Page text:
National Post (Latest Edition)
Atkinson calls out cancel culture
LONDON • Online cancel culture is like a “medieval mob looking for someone to burn,” comedian Rowan Atkinson has claimed.
The star of Blackadder and Mr. Bean has long advocated for free speech and has campaigned against legislation he believes stifles expression.
Atkinson, 65, is fearful of the online practice of silencing unpopular opinions by calling out those who hold them and making them pariahs. He has compared the trend to medieval societies rooting out heretics to burn at the stake.
The actor believes this culture of “cancelling” individuals is a threat both to the victims of the online mob and to the future of free speech.
“It’s important that we’re exposed to a wide spectrum of opinion,” Atkinson told the Radio Times. “But what we have now is the digital equivalent of the medieval mob roaming the streets looking for someone to burn.”
Beginning in 2005 with a campaign against hate speech laws in the Racial and Religious Hatred Bill, Atkinson has publicly opposed legislation thought to dampen freedom of expression.
In 2009 he argued against homophobic hate speech clauses in U.K. laws; in 2012 against “insulting” behaviour being a criminal offence; and last year he spoke out against the Scottish National Party’s Hate Crime Bill over fears it could lead to censorship.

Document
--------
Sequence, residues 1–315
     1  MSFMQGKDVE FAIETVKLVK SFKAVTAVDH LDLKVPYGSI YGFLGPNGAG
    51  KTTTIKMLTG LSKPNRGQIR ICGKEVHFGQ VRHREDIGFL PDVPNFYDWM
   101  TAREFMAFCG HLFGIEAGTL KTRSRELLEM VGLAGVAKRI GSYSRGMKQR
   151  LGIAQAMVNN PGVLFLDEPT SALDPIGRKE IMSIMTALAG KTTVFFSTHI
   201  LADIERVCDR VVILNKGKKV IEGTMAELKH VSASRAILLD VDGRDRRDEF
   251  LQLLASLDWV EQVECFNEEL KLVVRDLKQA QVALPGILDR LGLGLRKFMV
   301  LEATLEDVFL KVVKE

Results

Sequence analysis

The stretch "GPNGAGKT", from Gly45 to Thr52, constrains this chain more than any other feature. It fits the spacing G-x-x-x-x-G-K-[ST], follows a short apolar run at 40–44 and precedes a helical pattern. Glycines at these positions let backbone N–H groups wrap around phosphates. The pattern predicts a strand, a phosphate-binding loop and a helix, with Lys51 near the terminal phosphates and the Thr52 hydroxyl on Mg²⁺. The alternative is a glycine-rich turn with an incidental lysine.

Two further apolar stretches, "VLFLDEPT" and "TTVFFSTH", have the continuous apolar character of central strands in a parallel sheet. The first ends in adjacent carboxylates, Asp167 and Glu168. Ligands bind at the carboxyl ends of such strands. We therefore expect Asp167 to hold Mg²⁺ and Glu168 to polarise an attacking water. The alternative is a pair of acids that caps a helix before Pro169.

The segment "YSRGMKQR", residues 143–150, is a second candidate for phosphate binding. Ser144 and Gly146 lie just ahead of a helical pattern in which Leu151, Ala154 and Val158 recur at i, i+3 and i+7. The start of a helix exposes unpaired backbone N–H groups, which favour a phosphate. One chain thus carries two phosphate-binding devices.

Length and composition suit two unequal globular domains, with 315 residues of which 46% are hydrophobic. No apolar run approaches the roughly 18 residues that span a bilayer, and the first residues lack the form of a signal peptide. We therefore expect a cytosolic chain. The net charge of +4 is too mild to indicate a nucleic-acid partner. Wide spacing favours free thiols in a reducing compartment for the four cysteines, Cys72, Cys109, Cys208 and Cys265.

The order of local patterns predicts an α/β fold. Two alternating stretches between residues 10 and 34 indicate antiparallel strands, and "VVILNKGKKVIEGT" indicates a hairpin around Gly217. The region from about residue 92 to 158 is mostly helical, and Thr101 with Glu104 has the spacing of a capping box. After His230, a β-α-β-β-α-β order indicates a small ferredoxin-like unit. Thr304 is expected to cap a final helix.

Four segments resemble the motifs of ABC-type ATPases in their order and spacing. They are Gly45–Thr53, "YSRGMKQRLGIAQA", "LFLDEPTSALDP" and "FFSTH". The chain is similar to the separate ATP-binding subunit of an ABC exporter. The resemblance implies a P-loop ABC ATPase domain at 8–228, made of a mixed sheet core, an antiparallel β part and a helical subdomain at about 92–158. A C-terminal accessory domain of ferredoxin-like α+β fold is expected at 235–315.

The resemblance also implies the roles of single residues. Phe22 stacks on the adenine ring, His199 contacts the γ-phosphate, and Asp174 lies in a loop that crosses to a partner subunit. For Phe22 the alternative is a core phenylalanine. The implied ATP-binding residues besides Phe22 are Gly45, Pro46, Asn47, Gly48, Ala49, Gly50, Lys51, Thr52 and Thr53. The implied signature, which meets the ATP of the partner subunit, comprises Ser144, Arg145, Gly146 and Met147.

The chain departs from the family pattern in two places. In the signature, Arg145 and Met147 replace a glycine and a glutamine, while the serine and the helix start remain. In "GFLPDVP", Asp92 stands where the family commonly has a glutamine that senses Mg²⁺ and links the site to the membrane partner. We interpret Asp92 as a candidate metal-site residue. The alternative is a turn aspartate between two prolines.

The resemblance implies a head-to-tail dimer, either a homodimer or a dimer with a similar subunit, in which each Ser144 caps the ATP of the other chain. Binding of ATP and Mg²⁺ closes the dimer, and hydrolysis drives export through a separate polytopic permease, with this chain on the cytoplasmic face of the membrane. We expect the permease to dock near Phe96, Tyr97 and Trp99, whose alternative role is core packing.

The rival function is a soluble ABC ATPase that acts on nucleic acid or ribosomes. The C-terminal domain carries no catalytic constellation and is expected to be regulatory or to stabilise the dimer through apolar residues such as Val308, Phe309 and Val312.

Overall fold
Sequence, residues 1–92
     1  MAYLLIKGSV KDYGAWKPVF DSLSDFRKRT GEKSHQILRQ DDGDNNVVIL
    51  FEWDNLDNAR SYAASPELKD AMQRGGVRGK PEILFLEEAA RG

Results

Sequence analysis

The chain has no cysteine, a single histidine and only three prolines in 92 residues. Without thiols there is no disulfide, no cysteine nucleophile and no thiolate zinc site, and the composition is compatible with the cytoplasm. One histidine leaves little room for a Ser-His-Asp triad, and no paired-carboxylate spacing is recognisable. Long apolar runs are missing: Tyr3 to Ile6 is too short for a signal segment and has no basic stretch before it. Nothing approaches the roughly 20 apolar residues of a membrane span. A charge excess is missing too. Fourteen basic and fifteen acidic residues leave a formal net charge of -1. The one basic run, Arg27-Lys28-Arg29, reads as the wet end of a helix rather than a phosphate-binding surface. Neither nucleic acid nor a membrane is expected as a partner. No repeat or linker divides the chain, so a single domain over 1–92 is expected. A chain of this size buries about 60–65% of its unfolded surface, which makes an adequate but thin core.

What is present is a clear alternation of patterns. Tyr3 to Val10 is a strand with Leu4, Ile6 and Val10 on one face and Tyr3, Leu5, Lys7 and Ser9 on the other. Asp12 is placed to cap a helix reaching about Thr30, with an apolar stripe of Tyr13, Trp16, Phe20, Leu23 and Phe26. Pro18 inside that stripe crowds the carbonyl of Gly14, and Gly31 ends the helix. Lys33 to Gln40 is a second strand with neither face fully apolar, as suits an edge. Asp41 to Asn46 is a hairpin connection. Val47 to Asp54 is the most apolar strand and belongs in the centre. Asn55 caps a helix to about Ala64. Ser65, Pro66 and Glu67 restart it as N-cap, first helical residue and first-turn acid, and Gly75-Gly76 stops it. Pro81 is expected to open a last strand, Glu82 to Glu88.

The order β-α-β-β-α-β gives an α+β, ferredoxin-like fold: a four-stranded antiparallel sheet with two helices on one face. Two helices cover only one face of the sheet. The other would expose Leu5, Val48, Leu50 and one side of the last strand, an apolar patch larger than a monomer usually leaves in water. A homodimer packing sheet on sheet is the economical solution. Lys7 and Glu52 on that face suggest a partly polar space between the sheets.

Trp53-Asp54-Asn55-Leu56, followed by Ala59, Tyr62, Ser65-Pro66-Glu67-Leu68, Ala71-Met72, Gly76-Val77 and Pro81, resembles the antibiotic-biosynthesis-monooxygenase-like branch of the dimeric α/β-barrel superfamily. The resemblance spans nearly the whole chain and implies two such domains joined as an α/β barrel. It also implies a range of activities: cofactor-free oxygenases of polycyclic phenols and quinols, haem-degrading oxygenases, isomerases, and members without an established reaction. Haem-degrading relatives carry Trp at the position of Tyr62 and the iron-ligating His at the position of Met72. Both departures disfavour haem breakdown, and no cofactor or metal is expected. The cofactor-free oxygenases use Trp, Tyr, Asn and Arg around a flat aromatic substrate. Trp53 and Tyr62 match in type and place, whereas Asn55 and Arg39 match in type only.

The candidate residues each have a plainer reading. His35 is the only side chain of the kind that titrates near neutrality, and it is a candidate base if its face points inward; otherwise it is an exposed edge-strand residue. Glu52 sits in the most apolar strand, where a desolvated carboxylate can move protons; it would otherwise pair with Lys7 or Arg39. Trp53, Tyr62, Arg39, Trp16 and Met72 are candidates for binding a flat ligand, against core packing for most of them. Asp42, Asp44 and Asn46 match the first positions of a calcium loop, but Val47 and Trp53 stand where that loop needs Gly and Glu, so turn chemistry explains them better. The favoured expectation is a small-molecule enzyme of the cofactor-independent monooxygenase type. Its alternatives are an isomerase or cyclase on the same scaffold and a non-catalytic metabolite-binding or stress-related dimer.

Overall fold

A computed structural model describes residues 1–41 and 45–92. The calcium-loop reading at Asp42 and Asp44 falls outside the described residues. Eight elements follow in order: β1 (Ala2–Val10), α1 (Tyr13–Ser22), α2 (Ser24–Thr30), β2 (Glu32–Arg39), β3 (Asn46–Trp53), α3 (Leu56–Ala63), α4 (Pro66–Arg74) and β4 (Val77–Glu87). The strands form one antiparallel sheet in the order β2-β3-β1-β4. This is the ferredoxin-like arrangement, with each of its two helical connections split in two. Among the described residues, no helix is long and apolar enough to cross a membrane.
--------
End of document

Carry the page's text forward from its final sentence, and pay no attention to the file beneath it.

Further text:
Atkinson has now said that online witch hunts are “scary for anyone who’s a victim of that mob.” He said: “The problem we have online is that an algorithm decides what we want to see, which ends up creating a simplistic, binary view of society. It becomes a case of either you’re with us or against us. If you’re against us, you deserve to be ‘cancelled.’ ”
The star added that the popularity of the largely mute Mr. Bean may be down to the character being verbally unable to offend those with “greater sensitivities,” and said this could explain his success in “Muslim countries” and places with “stricter creative regimes.”
Despite the huge popularity of Mr. Bean, Atkinson has decided not to have an online presence, saying that social media is “a sideshow in my world.”
The actor has followed his former Blackadder co- star Tony Robinson in criticizing cancel culture.
Robinson told The Daily Telegraph last year that calling out and censoring unpopular opinions “is walking the path of the devil.”
The actor and presenter said he was passionate about free speech, adding: “It defends our liberty, and I’m very unhappy with the idea that, just because someone is offended by what I say, I shouldn’t be allowed to say it.”